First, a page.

> Why do you think the image of modern technology being 'out of
>control' has such a strong appeal? In what ways does technology appear
>difficult to control?
Hmm. From a somewhat oblique angle, I was thinking about something like
this the other day when I wrote a piece for the Melbourne Age (not yet
published) about the purported telomere breakthrough. The newspaper had
published a snide editorial the day after the announcement, and I wrote in
Despite the beautiful patterns of life, evolution *has* no plan. It is a
gigantic, stupid lottery. In such a universe, we are freed from fears of
impiety. Since evolution does not have a plan for us, we may choose one
for ourselves. In fact, that is what we have always done, whether we knew
it or not.
Yet people find it hard to grasp this essential moral point. The day after
the immensely important Wright-Shay discovery was published, a whimsical
editorial appeared in the Age poking cautionary fun at the `tireless
scientists'. I suspect the writer implied `tiresome' as well, for these
scientific wretches were pandering, apparently, `to this society's
adoration of youth'. On the contrary - those benefiting most from
rejuvenation and an extended life span will be the elderly. It's a grim
threat the editorial missed: rule forever by deathless Baby Boomers!
The editorial noted that in Jonathan Swift's *Gulliver's Travels*, the
immortal Struldbruggs `were the most miserable of mankind'. Hmm - Dean
Swift himself was a notable grump, a dyspeptic misanthrope who never
recovered from the ghastly shock that his beautiful Celia defecated like
the rest of us. Such one-sided fables - Frankenstein's hubristic fate is
another, and the Greek legend of Tithonus who lived forever in senility -
always get trotted out as if they prove something, as if they are *reports*
instead of *inventions*.
Defeating death and planning rejuvenation are no more absurd as goals than
finding remedies for short-sightedness or asthma (I've been on daily
prophylactic drugs for asthma for more than a quarter of a century, and it
has improved my life beyond recognition). We manage quite well without an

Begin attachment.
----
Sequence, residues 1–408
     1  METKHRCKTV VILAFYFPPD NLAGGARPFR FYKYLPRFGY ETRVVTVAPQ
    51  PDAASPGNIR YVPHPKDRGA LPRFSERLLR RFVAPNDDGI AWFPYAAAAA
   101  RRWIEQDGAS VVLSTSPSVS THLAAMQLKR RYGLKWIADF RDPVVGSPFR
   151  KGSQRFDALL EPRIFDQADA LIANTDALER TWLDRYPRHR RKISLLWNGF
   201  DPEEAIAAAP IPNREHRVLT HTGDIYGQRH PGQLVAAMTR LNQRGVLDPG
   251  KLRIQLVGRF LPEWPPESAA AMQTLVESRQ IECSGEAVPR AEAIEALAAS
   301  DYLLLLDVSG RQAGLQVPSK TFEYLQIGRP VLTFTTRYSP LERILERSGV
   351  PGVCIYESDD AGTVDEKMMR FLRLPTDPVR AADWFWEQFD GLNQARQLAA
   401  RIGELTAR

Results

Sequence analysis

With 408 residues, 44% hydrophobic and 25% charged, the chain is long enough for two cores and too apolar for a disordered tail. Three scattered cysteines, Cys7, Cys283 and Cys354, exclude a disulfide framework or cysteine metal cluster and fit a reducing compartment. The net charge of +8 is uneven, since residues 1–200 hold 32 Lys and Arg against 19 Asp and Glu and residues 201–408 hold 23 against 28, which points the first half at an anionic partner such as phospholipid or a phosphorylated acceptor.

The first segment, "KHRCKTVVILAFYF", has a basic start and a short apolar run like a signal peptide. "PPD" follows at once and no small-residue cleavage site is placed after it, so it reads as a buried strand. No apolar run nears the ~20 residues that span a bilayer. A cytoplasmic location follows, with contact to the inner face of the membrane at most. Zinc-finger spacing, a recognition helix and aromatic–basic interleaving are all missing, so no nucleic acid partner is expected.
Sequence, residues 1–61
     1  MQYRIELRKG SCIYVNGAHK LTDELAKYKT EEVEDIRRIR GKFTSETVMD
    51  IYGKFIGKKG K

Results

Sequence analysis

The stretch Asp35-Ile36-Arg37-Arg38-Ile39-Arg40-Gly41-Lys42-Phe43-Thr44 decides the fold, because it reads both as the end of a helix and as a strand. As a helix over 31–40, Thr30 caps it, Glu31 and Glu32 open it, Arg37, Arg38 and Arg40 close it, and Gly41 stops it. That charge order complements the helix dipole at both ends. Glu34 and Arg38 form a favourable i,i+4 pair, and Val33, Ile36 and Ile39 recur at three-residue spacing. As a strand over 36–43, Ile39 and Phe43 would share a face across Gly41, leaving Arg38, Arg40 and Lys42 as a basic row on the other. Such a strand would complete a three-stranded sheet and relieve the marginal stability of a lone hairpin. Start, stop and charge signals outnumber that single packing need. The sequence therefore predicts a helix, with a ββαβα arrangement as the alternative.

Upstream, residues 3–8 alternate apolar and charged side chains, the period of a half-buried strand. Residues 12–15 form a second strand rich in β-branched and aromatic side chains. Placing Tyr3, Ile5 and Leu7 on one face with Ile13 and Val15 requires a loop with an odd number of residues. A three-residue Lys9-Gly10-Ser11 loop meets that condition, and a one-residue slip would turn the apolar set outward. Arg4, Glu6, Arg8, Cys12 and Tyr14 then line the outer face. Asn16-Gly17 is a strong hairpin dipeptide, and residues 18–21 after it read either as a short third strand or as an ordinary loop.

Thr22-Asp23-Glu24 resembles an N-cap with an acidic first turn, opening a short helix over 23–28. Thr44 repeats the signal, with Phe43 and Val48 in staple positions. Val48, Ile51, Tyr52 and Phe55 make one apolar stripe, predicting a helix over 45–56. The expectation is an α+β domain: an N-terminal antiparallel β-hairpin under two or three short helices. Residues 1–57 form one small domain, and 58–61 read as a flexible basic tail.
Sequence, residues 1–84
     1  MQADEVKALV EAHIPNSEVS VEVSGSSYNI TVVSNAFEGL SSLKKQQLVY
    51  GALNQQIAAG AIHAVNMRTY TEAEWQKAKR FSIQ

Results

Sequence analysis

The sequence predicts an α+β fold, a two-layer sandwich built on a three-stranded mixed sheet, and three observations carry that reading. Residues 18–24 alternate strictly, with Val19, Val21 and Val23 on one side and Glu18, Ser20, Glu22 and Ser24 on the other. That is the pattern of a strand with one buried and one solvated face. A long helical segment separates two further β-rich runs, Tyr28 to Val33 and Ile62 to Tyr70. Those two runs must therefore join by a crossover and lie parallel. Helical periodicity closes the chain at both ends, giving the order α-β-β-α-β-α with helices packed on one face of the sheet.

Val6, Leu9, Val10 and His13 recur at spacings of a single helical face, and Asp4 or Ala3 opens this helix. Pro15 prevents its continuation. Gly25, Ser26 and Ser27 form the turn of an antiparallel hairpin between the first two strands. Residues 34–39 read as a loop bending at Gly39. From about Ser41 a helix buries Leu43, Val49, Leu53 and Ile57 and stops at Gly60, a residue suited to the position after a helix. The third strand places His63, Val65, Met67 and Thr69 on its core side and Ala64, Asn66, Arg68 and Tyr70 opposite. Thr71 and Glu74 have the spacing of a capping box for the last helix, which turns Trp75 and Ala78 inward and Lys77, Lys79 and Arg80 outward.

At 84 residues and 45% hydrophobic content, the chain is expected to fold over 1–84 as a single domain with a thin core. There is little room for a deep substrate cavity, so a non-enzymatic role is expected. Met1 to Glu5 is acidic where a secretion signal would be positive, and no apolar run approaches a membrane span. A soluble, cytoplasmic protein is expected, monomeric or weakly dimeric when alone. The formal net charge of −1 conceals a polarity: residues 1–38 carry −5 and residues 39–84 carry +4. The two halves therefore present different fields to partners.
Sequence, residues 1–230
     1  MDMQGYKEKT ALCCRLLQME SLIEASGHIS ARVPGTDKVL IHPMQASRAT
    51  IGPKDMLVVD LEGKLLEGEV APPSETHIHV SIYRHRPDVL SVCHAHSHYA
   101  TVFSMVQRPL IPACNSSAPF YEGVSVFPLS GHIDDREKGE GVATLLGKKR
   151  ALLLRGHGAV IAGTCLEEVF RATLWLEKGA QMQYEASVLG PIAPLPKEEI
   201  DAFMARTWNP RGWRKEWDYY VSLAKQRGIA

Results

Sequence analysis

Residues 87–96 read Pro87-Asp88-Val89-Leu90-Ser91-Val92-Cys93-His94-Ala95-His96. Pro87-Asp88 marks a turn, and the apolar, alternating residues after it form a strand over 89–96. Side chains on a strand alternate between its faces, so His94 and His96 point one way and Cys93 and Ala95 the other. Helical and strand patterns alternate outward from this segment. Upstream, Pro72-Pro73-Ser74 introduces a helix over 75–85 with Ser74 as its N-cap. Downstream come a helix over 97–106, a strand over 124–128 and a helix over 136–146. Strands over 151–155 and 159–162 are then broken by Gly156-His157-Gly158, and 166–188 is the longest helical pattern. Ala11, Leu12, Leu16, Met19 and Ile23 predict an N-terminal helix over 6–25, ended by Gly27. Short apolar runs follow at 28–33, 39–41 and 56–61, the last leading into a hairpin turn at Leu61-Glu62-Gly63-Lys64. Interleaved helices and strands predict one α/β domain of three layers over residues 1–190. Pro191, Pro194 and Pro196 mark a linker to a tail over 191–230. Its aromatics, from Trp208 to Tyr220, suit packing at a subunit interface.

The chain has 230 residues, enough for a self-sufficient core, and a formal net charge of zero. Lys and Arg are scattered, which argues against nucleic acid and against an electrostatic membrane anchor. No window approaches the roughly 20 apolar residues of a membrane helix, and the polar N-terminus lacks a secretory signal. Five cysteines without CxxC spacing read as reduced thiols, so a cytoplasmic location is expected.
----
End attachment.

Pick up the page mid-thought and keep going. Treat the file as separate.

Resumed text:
evolved ability to read and write at birth, or to fly a jet by instinct.
Ultimately, we might expect to fix what is called `ageing' - the damage and
at last senescence that now accumulates with the passage of time - and find
ways to outwit it. The human population explosion will become an even more
pressing emergency, but we must solve that in any case. Perhaps the price
of immortality will be elective or imposed sterilisation.
Does this also imply a sterile cultural future? Why should it? Remaining
young for centuries or millennia is not the same as an eternity of
sclerotic senility. We will have time to learn all things - time enough,
as the optimistic science fiction writer Robert Heinlein wrote, for love.
The Age editorial ended, to my disbelief: `Dying (we think) is not all that
bad.' Frankly, I can't think of anything to be said in its favour. We're
stuck with death's pain, loss and grief at the moment, and must make as
decent a fist of it as we can. But in the longest term of the history of
intelligent life in the universe, it will surely be the case - tragic, but
blessedly brief in comparative duration - that the routine and inevitable
death of conscious beings was a temporary error, quickly corrected.
I think the answer to Brad's question lies in the nagging painful questions
writhing between these two positions: the sarcastically defensive editorial
and my somewhat disingenuous rallying-cry (I acknowledge, of course, that
optional immortality will have an *immensely* disruptive impact on all
cultures, and on everyone's deepest sense of self and expectations from life).